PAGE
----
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Can AI Solve for Diversity Representation in Marketing?

Representation Matters

With U.S. population growth being driven exclusively by minorities1, diversity representation in media and advertising is more important than ever. Yet the major stock photography libraries – where most photos and illustrations are sourced for commercial or editorial use – are severely lacking in multicultural imagery. From portraits of diverse models (across race, ethnicity, age, body size, etc.) to lifestyle images of diverse family structures and inclusive themes and concepts, the limited availability of “diversity stock” has been a pain point felt by many in the industry for decades.

When I began my career in multicultural marketing in the late 90s, I remember struggling to find more than a handful of Black or Latino models (cast and shot in the U.S.) to use for campaign key art. And the ones that were available were often old or overused. Simply put, the people and the scenarios they depicted didn’t look at all like the world I lived in. From stale shots of faceless businessmen shaking hands to (overly) effervescent, grey-haired couples walking down the beach, not only did most stock photos lack diversity, they also lacked the natural authenticity marketers seek for their consumer campaigns.

Diversity in Stock Photography

To be fair, however, GettyImages – the largest player in the space – has made strides in this regard over the years. Through acquisitions and intentional work with diverse creators (from across the globe) they have dramatically expanded their libraries. But we’re not there yet. Frustration continues to grow – not only over the quantity of diverse stock, but also the quality and context of the images themselves. Often, scenarios depict tokenized minorities and/or reinforce stereotypes and other social biases.

In view of this critical gap in the market, smaller, minority-owned image libraries have emerged to challenge the stale status-quo of stock. Among them, sites like TONL, Nappy, and CreateHER Stock offer a broad selection of premium stock photos featuring “melanated” models in traditional and non-traditional scenarios.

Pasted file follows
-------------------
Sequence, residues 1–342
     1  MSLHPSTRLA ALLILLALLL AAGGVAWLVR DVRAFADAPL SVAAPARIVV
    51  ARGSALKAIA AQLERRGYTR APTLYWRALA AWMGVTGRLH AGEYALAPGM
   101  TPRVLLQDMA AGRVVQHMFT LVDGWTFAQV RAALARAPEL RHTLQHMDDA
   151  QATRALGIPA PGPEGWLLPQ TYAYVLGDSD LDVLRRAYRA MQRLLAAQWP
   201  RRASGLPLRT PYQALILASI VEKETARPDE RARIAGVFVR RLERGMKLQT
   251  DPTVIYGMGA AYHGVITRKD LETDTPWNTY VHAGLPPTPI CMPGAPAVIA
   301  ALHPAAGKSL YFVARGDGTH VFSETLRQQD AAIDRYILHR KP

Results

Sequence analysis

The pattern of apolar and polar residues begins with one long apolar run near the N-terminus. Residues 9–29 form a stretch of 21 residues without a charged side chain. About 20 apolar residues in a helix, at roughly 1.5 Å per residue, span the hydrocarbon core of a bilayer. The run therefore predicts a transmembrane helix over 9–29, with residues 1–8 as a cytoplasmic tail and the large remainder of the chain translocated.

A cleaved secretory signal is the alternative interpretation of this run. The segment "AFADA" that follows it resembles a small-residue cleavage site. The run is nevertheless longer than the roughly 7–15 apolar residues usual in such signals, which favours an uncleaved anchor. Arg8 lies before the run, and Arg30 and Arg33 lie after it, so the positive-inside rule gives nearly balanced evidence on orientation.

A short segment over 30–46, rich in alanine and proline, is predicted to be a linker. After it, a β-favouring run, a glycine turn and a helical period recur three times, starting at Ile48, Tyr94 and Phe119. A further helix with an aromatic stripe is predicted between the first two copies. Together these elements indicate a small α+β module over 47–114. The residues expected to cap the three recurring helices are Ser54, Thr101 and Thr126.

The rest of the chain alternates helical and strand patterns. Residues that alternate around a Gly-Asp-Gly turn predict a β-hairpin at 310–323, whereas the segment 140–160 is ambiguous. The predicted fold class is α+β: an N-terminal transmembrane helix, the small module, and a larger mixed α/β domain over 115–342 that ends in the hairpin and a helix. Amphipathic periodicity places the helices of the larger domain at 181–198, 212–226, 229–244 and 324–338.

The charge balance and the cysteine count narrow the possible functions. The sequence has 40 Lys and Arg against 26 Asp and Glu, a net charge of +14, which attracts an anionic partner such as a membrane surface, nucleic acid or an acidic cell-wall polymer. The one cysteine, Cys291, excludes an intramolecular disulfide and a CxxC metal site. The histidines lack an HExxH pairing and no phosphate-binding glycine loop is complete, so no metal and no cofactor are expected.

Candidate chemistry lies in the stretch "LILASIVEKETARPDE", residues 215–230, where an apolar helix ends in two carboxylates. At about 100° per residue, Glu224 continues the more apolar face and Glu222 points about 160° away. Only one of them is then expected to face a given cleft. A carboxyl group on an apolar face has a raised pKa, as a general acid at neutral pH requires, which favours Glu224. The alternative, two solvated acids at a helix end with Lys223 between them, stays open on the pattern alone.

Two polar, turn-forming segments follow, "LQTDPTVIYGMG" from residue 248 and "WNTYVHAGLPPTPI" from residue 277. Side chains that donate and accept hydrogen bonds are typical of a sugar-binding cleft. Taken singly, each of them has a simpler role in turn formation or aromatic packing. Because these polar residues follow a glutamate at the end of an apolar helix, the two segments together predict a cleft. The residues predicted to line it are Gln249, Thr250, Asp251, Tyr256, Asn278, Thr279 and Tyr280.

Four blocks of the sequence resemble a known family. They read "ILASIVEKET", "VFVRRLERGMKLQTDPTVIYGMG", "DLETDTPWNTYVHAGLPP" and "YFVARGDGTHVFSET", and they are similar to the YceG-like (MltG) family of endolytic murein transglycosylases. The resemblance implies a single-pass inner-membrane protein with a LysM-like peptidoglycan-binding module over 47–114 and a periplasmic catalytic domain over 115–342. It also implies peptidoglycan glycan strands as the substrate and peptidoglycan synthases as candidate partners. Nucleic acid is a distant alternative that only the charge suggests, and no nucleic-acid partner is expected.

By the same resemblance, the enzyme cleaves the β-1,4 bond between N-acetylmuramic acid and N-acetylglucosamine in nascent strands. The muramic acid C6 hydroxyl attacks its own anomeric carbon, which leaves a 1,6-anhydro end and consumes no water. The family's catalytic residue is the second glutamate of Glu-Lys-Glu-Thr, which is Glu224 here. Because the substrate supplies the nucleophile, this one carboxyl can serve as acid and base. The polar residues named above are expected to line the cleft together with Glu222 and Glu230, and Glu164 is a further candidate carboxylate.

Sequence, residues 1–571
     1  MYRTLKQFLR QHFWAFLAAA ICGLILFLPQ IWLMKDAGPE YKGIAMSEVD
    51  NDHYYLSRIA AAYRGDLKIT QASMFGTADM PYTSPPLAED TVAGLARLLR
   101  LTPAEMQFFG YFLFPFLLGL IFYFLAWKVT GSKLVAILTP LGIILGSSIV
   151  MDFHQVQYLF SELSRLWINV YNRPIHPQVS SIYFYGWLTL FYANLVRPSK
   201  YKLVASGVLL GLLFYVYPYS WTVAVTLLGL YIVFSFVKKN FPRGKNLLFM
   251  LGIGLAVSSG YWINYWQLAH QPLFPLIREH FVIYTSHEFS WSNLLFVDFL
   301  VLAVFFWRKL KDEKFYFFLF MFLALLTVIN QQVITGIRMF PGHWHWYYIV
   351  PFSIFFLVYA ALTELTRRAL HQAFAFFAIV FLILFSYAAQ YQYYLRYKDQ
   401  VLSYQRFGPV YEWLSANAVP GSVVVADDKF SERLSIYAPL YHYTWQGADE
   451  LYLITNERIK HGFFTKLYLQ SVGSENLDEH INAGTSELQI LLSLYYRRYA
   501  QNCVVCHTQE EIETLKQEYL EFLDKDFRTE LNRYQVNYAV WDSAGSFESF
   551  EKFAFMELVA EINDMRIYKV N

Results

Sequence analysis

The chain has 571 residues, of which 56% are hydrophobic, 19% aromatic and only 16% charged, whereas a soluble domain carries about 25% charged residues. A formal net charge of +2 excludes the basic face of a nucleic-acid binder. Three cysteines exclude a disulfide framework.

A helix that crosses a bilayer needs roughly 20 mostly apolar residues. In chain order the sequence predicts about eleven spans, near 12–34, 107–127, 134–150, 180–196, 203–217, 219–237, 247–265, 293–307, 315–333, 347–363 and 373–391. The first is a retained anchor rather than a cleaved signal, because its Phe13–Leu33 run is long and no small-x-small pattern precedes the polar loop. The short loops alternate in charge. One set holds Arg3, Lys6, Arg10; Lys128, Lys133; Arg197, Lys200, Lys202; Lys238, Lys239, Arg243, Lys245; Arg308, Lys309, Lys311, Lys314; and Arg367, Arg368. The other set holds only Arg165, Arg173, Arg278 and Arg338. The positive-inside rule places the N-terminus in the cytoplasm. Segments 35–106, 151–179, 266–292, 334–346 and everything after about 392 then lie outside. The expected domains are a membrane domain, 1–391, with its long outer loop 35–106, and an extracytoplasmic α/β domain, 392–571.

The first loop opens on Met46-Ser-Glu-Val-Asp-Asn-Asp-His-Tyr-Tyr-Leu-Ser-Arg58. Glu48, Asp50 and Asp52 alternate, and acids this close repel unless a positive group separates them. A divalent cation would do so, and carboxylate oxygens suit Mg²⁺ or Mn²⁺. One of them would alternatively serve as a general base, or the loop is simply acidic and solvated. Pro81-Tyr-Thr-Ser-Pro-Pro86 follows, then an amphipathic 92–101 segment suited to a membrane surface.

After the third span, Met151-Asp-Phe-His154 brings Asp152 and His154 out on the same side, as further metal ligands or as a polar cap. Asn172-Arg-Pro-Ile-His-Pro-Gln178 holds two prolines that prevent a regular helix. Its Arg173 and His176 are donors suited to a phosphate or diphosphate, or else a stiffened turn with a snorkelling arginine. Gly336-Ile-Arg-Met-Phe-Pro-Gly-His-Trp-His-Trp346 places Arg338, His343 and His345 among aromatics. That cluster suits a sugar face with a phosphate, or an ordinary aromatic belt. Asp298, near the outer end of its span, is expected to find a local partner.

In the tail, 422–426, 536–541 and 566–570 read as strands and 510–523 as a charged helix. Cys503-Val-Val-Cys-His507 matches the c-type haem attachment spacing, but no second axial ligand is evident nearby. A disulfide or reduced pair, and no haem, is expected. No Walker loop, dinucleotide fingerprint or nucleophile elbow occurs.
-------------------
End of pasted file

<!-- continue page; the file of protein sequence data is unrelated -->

However, with the rapid growth of Artificial Intelligence tools like ChatGPT and AI-powered digital image generation tools like MidJourney and Dall-E, it begs the question – Can AI images bridge the diversity gap in stock photography once and for all?

Inclusivity Through AI

AI-driven image generation technology can generate original digital images with infinite variations and customizations. This means that marketers can now access a virtually infinite library of diverse lifestyle and portrait photography and illustrations by using culturally-specific prompts in their search query. By leveraging this technology, creative teams are able to produce higher quality images faster than ever before, while still maintaining control over the content they are producing.

Ultimately, the use of AI allows individual creators and large brands alike to produce vast libraries of inclusive, royalty-free photos for content-driven marketing campaigns more quickly and efficiently than otherwise possible via popular stock photography sites or even original photo shoots.

Diversity in Stock Photography

While AI-powered image generation tools have the potential to make diversity representation in the advertising and marketing industry easier than ever, it still requires humans to key in the right prompts – to ensure the most authentic, inclusive, and representative output possible. So basically just like in most things in life, what you get back depends on what you put in.

If you’re a photographer, designer, copywriter, or model in 2023, you’re right to be nervous. The robots are quite literally taking over! But while AI technology is evolving quickly, there are still many limitations keeping it from becoming the new primary source for stock photos and illustrations. Photo-realistic images can still be (relatively easily) detected by the naked eye. And just recently, Getty Images announced it was suing a popular AI art tool for allegedly copying and processing photos from its copyrighted library2.

That said, even with its flaws and limitations, the disruptive potential of AI is undeniable. It could very soon revolutionize the way we approach concepting, designing, and sourcing commercial imagery, let alone how we approach content development and brand communications all together.

Like all technology advancements, let’s just hope AI serves to evolve us into a more inclusive, tolerant, and equitable society. Too big an ask? Here’s to hoping.


Sources: 1 Pew Research Center / 2 CNN

Note: The images above are digital portraits developed using MidJourney through a complex array of cultural and photographic prompts.

  • Wally Sabria serves as the Chief Content Officer of The Axis Agency and leads its Brand + Diversity Consulting practice group. Over his 15+ year career in multicultural marketing, he has leveraged digital and social media to help leading brands and organizations authentically engage communities of color.